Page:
Applying to veterinarian school

Applying to veterinary medical school can be complicated, but we are here to help! Advisors at the Health Professions and Prelaw Center can help you develop your best strategy and troubleshoot problems you encounter in your application. Make sure to attend one of our Personal Statement Writing Workshops so you can get started early on your application essay.

Consult the information below for helpful advice.

The VMCAS application #

Applicants apply to veterinary medical schools through an electronic, centralized application administered by the Association of American Veterinary Medical Colleges called VMCAS. Once you complete your VMCAS application, it will be processed and sent to all the veterinary schools you select to receive it. All accredited schools and colleges of veterinary medicine in the United States, Canada and other countries participate in VMCAS. A full list of these schools is here. Graduation from any of these accredited schools or colleges qualifies you to take the North American Veterinary Licensing Exam (NAVLE) which you will need to practice in North America.

For the VMCAS application you will create your own User Name and Password that will allow you to create your electronic application. You can log in, fill out part of the application, and save your changes before logging out. Once you are satisfied that everything is accurate and complete, you submit it electronically and it is sent to VMCAS for processing and verification.

Coursework section #

On the VMCAS application, you will fill out information regarding every college course you have taken, so you will need to refer to transcripts from every college or university you have attended. You will also need to order official transcripts from all colleges and universities you have attended to be sent to the application service. At IU Bloomington, you can order your transcript from Student Central.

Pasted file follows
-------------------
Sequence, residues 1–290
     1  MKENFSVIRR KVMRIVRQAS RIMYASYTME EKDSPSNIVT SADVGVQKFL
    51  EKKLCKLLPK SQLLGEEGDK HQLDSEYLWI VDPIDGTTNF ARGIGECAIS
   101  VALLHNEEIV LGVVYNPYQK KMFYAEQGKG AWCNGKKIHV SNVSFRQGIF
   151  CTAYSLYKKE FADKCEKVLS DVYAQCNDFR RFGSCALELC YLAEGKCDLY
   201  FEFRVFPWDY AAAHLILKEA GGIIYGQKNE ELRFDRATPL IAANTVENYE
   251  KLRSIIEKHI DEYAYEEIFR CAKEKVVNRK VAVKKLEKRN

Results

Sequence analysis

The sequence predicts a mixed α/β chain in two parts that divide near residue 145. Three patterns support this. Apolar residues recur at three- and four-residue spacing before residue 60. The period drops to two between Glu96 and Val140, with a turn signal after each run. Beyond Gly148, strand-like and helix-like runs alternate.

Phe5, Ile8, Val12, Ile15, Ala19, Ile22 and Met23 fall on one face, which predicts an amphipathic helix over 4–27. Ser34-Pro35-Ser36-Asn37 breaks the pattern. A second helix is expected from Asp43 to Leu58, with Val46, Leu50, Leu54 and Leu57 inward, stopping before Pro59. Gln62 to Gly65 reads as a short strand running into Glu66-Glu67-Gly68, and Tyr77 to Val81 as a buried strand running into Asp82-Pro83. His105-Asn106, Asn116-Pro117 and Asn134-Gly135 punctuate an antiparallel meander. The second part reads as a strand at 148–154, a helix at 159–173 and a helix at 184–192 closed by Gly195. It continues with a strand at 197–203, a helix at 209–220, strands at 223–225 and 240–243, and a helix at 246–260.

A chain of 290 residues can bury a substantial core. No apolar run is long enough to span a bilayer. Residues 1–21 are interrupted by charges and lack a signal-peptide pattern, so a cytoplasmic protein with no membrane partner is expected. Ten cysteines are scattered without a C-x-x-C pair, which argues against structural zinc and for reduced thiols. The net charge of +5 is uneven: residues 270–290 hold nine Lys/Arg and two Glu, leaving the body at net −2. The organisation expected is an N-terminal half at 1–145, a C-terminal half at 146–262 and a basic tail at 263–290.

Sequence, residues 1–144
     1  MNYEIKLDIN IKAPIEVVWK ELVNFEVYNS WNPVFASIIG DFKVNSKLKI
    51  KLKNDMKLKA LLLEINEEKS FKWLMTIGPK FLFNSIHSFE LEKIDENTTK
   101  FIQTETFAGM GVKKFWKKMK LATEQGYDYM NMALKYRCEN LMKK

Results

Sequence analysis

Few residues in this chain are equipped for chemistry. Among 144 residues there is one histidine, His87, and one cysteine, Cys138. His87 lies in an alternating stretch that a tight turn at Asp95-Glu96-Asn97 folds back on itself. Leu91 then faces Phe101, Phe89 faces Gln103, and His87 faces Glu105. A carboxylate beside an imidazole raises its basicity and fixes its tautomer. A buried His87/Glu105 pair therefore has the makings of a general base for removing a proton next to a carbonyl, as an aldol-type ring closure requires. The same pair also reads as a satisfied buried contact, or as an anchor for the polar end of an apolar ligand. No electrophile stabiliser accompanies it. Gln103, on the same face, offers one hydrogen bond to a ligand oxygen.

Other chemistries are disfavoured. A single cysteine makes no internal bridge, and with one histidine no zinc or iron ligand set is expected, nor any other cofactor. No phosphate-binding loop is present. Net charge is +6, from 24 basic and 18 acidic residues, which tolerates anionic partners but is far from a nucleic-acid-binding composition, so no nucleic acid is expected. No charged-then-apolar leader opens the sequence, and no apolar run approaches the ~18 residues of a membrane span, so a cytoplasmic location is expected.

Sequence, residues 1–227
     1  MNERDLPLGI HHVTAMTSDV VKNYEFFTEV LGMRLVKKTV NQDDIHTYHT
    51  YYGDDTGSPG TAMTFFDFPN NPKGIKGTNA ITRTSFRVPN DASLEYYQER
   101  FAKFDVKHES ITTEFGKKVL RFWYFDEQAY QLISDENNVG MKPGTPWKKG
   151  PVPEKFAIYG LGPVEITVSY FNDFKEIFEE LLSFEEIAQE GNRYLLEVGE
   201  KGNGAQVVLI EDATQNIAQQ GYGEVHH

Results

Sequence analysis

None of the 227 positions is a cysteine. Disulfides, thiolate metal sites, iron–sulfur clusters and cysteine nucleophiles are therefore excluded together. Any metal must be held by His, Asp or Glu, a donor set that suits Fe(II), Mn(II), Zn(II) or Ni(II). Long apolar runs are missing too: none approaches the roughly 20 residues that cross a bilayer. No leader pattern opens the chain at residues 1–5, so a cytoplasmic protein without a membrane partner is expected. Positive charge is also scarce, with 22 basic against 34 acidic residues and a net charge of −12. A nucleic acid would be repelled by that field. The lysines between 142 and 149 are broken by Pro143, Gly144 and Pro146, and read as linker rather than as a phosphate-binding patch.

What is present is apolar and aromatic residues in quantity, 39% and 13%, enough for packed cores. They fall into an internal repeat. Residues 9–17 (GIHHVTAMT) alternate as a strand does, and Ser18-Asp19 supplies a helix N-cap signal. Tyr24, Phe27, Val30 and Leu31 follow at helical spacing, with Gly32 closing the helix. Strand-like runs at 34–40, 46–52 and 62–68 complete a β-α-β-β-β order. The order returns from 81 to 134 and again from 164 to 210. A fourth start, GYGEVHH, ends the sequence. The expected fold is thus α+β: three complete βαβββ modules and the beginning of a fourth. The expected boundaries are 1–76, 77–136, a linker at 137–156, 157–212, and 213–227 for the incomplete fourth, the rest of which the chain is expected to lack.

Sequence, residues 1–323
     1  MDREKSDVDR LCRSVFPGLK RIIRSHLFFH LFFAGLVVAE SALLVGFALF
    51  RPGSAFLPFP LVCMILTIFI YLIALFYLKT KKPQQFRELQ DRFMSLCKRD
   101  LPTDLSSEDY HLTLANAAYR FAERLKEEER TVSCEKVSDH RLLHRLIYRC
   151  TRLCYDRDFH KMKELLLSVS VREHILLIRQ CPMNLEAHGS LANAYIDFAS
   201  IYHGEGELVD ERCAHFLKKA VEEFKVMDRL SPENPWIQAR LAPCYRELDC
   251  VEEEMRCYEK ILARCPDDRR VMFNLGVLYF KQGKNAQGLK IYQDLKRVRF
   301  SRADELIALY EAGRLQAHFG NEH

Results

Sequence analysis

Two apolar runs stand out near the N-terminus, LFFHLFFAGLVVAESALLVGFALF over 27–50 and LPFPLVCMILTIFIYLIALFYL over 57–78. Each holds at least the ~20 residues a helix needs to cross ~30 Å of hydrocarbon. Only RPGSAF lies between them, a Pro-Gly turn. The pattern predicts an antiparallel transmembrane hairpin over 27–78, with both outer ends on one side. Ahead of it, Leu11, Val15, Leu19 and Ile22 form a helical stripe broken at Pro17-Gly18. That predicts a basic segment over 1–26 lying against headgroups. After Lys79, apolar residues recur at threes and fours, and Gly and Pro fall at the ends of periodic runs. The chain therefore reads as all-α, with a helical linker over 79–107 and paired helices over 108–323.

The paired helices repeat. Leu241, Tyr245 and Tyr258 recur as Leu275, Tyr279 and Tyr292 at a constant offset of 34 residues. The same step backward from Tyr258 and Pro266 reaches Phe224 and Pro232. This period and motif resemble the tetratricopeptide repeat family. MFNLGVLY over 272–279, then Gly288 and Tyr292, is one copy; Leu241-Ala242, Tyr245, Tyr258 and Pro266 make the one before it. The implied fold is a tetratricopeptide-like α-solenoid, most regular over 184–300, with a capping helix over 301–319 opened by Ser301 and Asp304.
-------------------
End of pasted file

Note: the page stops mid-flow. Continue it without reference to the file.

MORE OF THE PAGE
VMCAS will not process your application without all of your transcripts. You can check the status of your online application to see if your transcripts have been received.

VMCAS will verify that you have entered your coursework correctly on the application by matching your application against the transcripts from the colleges and universities you have attended. This verification process can take up to four weeks. After VMCAS processes your application, they will send it to the schools you have selected to receive it.

Experiences and achievements #

The VMCAS application includes a section where you can provide information on experiences and achievements such as clinical experience with veterinarians, animal experience, employment, extracurricular activities, shadowing, volunteering, awards and honors. 

For further information, please refer to the application instructions on the VMCAS website.

Supplemental program materials and essays #

The “Program Materials” section of the VMCAS application will ask you to submit supplemental materials for each individual veterinary school where you are applying.

In the “Program Materials” section, individual veterinary schools will ask that you submit essays of up to 2,000 characters in response to three essay questions. The current prompts are:

  1. There are many career choices within the veterinary profession. What are your future career goals?
  2. In what ways do veterinarians contribute to society and what do you hope to contribute?